By the time Mass was over, I felt like I needed to go to Confession, so I stayed for a bit to pray and calm down. While doing so, it hit me. I recalled that no one was singing. I’ll bet they really liked the musical style and many may have actually made the trip just for it, but by and large they didn’t sing. In fact, I notice that folks will sing more at Masses that use the usual old-school popular style. For those of us who truly believe that there IS a “church music,” the OCP and GIA material is the biggest barrier to reclaiming a higher level of musical worship. The music I heard at this Mass was so much better than most of that stuff, but no one sang along. My friends, I believe that this might provide the necessary opening needed to reintroduce chanted prayer in the Catholic Church. At some point priests are going to notice that this new music is not accomplishing what music is supposed to do. They will be receptive if shown how a congregation can really fill a room with very simple chant (like the Snow Lord’s Prayer setting). This move to “real” contemporary music might just be a blessing in disguise. I have hope.

Magi viderunt stellam

My New Year’s resolution is to post a bit more this year. I promised some comments on Spanish polyphony, so here goes. I had the opportunity to program Victoria’s Magi viderunt stellam some years ago and I wondered how well known this lovely motet is. It’s set in the transposed mode 2 (a favorite of the Spanish), but the frequent Eb’s and cadential F#’s lend it a decidedly G minor flavor. There is a bit of musical imagery at the beginning as the Magi’s melodies travel up and down in a wavy pattern. Note the rise in the line at “stellam” as well. The entire second half of this beautiful work is taken up with repetitions of the 3 gifts, featuring some nice passages of parallel 3rds. I would often take the tempo up slightly at the Alleluia section for a bit more effect.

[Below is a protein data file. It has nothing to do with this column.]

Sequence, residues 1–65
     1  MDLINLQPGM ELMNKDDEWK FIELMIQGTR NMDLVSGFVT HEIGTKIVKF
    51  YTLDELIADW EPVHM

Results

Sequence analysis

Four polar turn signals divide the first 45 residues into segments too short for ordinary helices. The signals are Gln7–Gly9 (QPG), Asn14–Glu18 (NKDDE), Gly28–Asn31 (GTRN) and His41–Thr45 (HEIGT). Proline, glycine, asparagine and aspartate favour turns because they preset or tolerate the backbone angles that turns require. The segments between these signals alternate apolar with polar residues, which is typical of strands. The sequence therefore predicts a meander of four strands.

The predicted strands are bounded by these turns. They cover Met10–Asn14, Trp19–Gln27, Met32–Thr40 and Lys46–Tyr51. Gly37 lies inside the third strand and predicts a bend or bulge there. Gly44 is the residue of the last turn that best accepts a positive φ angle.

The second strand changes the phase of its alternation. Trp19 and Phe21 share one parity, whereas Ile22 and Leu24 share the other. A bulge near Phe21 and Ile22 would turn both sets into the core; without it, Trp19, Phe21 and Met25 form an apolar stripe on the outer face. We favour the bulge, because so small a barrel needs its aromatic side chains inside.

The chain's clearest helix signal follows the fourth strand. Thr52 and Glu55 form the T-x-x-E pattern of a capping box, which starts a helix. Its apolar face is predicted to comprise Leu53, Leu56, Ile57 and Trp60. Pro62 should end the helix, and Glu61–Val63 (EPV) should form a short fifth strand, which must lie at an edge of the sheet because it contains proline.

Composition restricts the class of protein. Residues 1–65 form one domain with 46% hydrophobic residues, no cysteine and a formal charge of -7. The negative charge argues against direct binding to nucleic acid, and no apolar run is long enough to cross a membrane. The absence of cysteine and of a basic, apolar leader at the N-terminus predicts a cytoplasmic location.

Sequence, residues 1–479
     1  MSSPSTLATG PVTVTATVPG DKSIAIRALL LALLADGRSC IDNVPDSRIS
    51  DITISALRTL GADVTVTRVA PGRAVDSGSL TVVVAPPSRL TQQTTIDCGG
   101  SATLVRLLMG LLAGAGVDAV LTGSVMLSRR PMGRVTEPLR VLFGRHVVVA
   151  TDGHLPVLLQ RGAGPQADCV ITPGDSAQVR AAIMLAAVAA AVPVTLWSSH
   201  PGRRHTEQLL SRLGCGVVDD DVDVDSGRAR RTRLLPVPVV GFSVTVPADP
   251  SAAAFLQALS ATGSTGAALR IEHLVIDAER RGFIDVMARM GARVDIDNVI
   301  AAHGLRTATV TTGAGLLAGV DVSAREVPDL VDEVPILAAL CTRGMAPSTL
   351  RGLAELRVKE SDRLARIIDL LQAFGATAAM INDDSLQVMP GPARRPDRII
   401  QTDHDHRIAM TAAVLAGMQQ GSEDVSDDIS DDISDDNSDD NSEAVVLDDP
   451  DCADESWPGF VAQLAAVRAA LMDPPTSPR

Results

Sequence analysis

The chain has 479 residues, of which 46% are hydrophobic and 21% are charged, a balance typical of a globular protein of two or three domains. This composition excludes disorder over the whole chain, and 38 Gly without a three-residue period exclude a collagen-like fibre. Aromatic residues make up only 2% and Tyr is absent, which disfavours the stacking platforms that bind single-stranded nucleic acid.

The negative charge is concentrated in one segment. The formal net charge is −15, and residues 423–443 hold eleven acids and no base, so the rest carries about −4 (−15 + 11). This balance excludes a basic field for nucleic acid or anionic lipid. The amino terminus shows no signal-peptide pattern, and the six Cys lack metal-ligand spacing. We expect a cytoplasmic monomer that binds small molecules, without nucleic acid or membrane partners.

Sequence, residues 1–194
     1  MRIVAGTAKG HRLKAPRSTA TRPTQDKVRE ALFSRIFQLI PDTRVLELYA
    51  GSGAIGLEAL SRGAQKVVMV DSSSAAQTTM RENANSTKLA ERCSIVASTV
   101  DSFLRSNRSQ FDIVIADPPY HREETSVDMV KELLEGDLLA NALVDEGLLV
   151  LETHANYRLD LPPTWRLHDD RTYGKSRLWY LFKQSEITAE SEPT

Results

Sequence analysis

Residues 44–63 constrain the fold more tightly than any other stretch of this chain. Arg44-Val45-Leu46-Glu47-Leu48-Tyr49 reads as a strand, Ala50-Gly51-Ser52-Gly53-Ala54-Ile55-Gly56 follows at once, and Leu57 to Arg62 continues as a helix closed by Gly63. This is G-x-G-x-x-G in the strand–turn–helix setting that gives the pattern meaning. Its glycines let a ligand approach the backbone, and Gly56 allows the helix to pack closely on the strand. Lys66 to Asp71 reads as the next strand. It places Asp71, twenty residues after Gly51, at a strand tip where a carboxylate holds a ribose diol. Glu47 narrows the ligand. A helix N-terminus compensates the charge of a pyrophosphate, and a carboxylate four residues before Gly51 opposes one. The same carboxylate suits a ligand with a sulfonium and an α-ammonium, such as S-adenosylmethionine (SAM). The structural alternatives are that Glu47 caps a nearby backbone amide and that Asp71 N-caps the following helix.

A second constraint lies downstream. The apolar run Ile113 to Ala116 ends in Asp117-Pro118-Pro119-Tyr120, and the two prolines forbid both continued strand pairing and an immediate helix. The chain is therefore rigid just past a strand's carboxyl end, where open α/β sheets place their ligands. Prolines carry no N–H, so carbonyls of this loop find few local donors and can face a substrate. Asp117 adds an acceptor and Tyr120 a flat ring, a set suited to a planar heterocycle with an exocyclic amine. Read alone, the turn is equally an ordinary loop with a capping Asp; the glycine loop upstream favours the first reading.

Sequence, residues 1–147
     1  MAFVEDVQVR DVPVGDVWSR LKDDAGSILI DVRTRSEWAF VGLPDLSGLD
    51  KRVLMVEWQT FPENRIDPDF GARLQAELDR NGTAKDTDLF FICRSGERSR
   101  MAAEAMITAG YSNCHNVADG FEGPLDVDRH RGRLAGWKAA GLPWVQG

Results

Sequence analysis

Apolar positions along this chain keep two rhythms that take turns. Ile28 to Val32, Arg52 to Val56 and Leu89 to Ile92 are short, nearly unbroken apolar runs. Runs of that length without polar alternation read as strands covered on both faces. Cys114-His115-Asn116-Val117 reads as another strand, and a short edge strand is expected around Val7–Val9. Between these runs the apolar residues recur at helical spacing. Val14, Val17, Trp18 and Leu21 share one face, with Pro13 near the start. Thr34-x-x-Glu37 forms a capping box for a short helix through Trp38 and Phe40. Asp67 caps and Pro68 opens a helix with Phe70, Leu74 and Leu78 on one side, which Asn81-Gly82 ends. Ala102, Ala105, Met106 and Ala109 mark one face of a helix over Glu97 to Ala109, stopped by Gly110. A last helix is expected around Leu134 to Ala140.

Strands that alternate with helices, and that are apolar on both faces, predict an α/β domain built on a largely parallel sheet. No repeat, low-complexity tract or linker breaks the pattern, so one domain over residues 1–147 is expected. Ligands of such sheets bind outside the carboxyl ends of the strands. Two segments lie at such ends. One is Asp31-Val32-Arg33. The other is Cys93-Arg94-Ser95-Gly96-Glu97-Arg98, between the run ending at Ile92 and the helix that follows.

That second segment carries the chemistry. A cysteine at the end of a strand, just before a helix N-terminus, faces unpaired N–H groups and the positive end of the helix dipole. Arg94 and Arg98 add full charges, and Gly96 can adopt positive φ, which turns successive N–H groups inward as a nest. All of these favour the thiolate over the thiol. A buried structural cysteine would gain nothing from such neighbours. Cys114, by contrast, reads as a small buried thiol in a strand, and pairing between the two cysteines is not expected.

Victoria’s style is certainly Spanish, but Palestrina’s (or perhaps a general Roman) influence is never far away. Unlike Morales, Spaniards never thought of Victoria as a “foreign” composer. What is Spanish? I hear it in the lower ranges (perhaps to fit the shawm ranges) and occasionally the local chants, when they are present. Also the liberal use of cadential chromaticism is something one hears a lot in late Renaissance and Portuguese polyphony. A joyous Epiphany, everyone!

The score is the Victoria volumes of MME, but also at CPDL


A quick email from Jeffery Tucker convinced me to give this blogging thing a go, and I thank him very much for considering my thoughts on sacred music to be worth sharing. I’ll certainly do my best, but for now I will simply introduce myself to the fine readers here.